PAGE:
About the author

Pamela Wilson

Pamela Wilson is Director of Special Projects at Copyblogger Media. Follow her on Twitter or Google+, and find more from her at BigBrandSystem.com.

Build Your List and Make Your Audience Love You with Recurring Content Events

family watching television

You know the drill: another day, another piece of content to connect with your audience.

You churn out post after post, social media update after social media update — typing, typing, typing all the way.

It reminds me a little of this classic Dunkin’ Donuts commercial.

We’ve all felt like Fred the Baker from time to time — dragging ourselves to our keyboards to create yet another readable, but forgettable, post.

What if you could break the “time to make the donuts” cycle with an information-packed piece of content that readers would line up (and sign up) to consume?

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Permission to Kick Ass: Granted

portrait of a grizzly bear

What if you discovered that your own words and thoughts were wreaking havoc on your chances for success?

They might be.

What you say about what you do makes a difference.

It makes a difference in your own mind. And it makes a big difference in how people view your work.

At some point, you have to decide if you want to be at the top of your field.

Does that sound like too audacious of a goal?

I’d like to propose that you consider it. That you eliminate “I’ll try” from your vocabulary. That you make it your aim to be the best, to surpass the competition, and to go for the top prize.

I propose that you make it your goal to do great things.

Not to expend great effort.

It’s OK to want to be the best. And as long as you don’t step on anyone else to get there, it’s the optimum goal you can have.

Let’s kick some ass. Ready?

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Use Images (Not Just Words) to Turn Your Distracted Visitors into Engaged Readers

woman taking iPhone photo

If you have kids — or if you’ve ever been around kids — you’ve heard the sound before.

It’s a noise that’s somewhere between the cry of a lost wolf cub and the wail of a nearby car alarm. It’s one of the most annoying sounds you’ll ever hear.

It’s the ear-piercing cry of a child who has been over-stimulated.

The angelic child becomes a hot mess of whiny, clingy neediness.

If you’re the adult in charge and you manage to keep a cool head, you say something like, “Calm down. I don’t understand what you need. Use your words.”

And sometimes it works. It stops children long enough to engage their brains rather than just their emotions, and they are able to communicate what they need.

As consumers of information online, we’re a little like that over-stimulated child.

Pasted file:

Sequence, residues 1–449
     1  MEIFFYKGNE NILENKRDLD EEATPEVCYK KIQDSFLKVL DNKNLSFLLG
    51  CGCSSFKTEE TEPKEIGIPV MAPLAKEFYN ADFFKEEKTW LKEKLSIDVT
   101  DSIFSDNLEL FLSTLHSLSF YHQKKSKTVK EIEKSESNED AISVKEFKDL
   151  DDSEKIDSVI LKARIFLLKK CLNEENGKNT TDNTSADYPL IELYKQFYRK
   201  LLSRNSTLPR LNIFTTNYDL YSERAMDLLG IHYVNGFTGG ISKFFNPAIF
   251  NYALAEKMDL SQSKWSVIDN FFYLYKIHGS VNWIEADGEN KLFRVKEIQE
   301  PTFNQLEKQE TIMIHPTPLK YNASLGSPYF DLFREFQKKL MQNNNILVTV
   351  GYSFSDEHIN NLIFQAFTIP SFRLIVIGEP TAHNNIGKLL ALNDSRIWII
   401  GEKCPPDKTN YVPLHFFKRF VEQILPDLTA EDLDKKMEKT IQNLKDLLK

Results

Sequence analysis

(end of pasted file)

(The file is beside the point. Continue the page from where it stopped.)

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The 3-Step Journey of a Remarkable Piece of Content

Image of a person hiking in Norway

You know it when you’ve read it.

It’s that blog post, article, video, or speech that changes you.

It touches you. You are so affected by its message you can’t help but share it.

We’ve all experienced content like this. But do we know how to create it? That’s the question. Because consistently creating remarkable content over time is what it’s all about.

You’re aiming to create content that makes people pay attention, think, and feel.

I believe that remarkable content takes a three-step journey.

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How to Use Visual Hierarchy To Create Clear and Easy-to-Read Web Pages

Image of a cave-like basement with perspective facing wall, with stairs descending into the frame from the left and a door wide open in the middle

Imagine you’ve entered a cave.

Your eyes slowly adjust to your surroundings and begin to make out the shapes and forms around you.

You see three doorways: they’re equal in size, and all the same distance from where you stand. How do you choose where to go first?

You’re frustrated, because you don’t have enough information to make a decision. All you can do is guess.

Now imagine you’ve entered a second cave.

In this one, there’s one large doorway before you. It says “Tours” and is wide and well-lit.

To one side, there’s a small doorway with a window in it that says “Tickets” above it. Next to it is a nondescript door that says “Employees only.”

In this cave you know exactly what to do.

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How to Know When Your Web Design is Done

Pamela Wilson Authority Intensive

My eyes were starting to lose focus.

It was 2:00 in the morning. My hands were coated with pastel dust. An inch of cold coffee sat in the mug next to me.

I stared at the drawing I’d been working on. I took a step back and tried squinting, then I moved in close and looked at the details.

Was I done?

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